Wednesday, July 24, 2024

Chakwera’s Foreign Trips Crucial; $27 Million Energy Grant Secured

Chakwera secures $27 Million grant for energy investment

By Sitilitha Mpembenji

President Lazarus Chakwera is making sure that every time he travels, he brings something for Malawians, in contrast to the previous administration, which considered every foreign trip for the President as a conduit to siphon public funds by bloating the entourage with family and friends.

President Chakwera has negotiated two energy deals in just two days while in Egypt for the Conference of Parties to the United Nations Framework Convention on Climate Change (COP27). The latest is a $27 million (K27 billion) grant for energy investment in Malawi from the Global Energy Alliance for People and Planet (GEAPP).

This comes after conversations Dr. Chakwera had this morning in Sharm El Sheikh with Simon Harford, the Alliance’s chief executive officer.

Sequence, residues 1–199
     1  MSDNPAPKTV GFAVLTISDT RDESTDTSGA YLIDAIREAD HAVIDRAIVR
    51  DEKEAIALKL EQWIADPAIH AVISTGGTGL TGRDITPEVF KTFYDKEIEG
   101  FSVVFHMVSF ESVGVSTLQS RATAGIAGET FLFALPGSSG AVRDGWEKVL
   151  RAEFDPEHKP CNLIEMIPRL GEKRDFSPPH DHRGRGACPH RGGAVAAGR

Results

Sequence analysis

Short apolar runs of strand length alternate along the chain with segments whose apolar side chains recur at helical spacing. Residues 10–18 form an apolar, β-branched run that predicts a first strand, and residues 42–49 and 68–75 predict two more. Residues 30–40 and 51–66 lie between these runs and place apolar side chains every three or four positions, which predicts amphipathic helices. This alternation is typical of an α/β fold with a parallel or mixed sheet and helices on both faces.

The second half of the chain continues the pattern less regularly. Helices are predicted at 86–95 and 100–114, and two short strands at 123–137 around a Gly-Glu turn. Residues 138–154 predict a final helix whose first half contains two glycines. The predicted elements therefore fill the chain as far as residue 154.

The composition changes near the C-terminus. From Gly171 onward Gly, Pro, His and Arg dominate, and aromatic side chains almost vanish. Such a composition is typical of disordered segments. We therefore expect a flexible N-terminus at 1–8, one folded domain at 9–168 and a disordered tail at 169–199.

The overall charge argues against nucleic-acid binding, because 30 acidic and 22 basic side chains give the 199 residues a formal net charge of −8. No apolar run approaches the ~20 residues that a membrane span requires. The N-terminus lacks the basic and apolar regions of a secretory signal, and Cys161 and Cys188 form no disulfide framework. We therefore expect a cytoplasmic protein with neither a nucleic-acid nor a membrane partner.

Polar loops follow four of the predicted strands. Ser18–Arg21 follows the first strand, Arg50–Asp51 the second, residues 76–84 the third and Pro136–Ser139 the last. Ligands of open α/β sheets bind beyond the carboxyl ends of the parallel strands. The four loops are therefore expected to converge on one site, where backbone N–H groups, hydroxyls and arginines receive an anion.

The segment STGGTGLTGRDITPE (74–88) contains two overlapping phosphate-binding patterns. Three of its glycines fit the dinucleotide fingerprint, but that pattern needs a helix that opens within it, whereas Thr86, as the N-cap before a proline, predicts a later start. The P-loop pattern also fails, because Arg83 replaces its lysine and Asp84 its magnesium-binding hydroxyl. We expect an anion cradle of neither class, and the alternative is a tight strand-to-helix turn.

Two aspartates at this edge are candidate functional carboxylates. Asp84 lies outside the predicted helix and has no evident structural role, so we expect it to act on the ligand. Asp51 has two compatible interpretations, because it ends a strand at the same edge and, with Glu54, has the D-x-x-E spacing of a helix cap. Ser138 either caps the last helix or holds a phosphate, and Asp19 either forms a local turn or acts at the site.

The breakthrough happens after a year of courting investments in Malawi’s energy sector from GEAPP for the implementation of a grid battery-powered project in Malawi.

It is expected that a Memorandum of Understanding regarding GEAPP’s work will be signed on the sidelines of COP27, to which the President will bear witness.

GEAPP is also expected to host a side event with global climate investors, to be addressed by Dr. Chakwera as part of wooing support for Malawi’s course in boosting the energy sector.

The development comes a day after the President also sealed another energy deal with Elsewedy Electric, a multinational company to invest in solar power in Malawi.

Commenting, some governance experts have applauded Chakwera’s approach saying his commitment is a clear sign that he is searching for long term solution to the energy crisis in Malawi.

Ironically, the leader of the opposition, Kondwani Nankhumwa, led the charge in urging the president to postpone the trip, claiming the money intended for it might be used to address the country’s fuel shortage

In September, the United States also signed a $350 million grant for infrastructure projects with Malawi’s President Lazarus Chakwera, hailing his record on good governance.

The aid — through the Millennium Challenge Corporation which assists developing nations that meet democratic benchmarks — will fund a major road network in Malawi to connect rural and urban areas.

Editor In-Chief
the authorEditor In-Chief